A comparative study of molybdenum and iron phosphate-based catalysts in n-hexane activation.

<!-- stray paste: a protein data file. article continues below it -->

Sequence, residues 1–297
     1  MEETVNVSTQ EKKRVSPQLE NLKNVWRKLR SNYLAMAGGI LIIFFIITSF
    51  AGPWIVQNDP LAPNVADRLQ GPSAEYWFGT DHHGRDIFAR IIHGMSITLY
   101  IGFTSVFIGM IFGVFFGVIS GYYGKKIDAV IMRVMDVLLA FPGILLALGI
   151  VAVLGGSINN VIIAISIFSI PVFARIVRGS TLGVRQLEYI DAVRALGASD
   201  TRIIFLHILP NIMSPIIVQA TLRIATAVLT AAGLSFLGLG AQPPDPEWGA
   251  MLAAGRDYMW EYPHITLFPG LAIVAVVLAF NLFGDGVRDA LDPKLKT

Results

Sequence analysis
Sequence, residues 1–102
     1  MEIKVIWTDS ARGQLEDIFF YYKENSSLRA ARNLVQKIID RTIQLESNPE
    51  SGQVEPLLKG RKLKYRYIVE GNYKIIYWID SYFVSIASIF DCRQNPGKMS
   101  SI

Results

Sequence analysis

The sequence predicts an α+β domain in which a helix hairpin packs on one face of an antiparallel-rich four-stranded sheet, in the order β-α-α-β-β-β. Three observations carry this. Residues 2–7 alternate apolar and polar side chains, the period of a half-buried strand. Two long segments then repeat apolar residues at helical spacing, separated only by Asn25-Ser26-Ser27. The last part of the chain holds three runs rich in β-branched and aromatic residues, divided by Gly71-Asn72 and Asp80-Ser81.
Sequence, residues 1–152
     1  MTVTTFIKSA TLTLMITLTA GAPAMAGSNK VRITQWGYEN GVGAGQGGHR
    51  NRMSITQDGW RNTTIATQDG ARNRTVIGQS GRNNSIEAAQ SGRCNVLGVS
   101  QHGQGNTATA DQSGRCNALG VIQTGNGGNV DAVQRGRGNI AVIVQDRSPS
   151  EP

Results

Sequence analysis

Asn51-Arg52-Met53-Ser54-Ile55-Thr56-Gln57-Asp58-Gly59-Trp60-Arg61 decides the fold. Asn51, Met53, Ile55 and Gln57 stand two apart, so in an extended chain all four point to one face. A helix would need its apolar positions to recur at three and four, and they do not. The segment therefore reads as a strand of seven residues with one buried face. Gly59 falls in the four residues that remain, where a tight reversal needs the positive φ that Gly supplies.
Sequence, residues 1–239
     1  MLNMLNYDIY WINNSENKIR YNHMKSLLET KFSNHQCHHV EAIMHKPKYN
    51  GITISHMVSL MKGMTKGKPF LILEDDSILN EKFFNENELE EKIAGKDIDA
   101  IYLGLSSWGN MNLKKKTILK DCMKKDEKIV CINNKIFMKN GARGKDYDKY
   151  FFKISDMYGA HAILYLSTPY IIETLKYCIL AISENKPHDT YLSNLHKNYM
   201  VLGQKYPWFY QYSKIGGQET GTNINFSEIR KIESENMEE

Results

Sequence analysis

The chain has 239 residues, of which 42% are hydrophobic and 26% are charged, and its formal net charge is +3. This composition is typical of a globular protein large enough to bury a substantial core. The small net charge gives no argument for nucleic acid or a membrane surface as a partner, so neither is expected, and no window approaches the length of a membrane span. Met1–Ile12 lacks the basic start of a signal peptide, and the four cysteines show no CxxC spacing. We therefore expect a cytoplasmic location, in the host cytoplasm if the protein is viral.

A comparative study of the activation of n-hexane over the 12-molybdophopshoric acid (H3PMo12O40 or HPA), its Fe3+ doped salt (Fe0.69H0.93PMo12O40 or Fe doped HPA) and the iron phosphate catalyst (P/Fe = 1.22) was carried out. It was found that the Fe doped HPA catalyst is thermally more stable and less acidic that the HPA catalyst. The HPA and the Fe doped HPA catalysts were more reactive that the iron phosphate catalyst. Both the HPA and Fe doped HPA catalytically produced 2,5- dimethyltetrahydrofuran and 2,5-hexadione (oxygenates), with the Fe doped HPA catalyst selectively producing more oxygenates than the HPA catalyst. This implied that the Fe3+ cation promoted the oxygen insertion reactions. The iron phosphate catalyst catalytically produced cis-2-hexene and 1- hexene but did not produce oxygenates, which means that the iron phosphate catalyst promotes oxidative dehydrogenation but does not promote oxygen insertion reactions. At 349 oC, the HPA catalyst played a role in initiating benzene formation. At isoconversion, the iron phosphate catalyst produced the highest yield of benzene (5.8 % at 8.1 % hexane conversion), which may have formed through both catalytic and non-catalytic reactions. The Fe doped HPA catalyst produced a lower benzene yield (1.4 % at 6 % hexane conversion) than the HPA catalyst (3.6 % at 8.3 % hexane conversion) at almost isoconversion and isothermal conditions.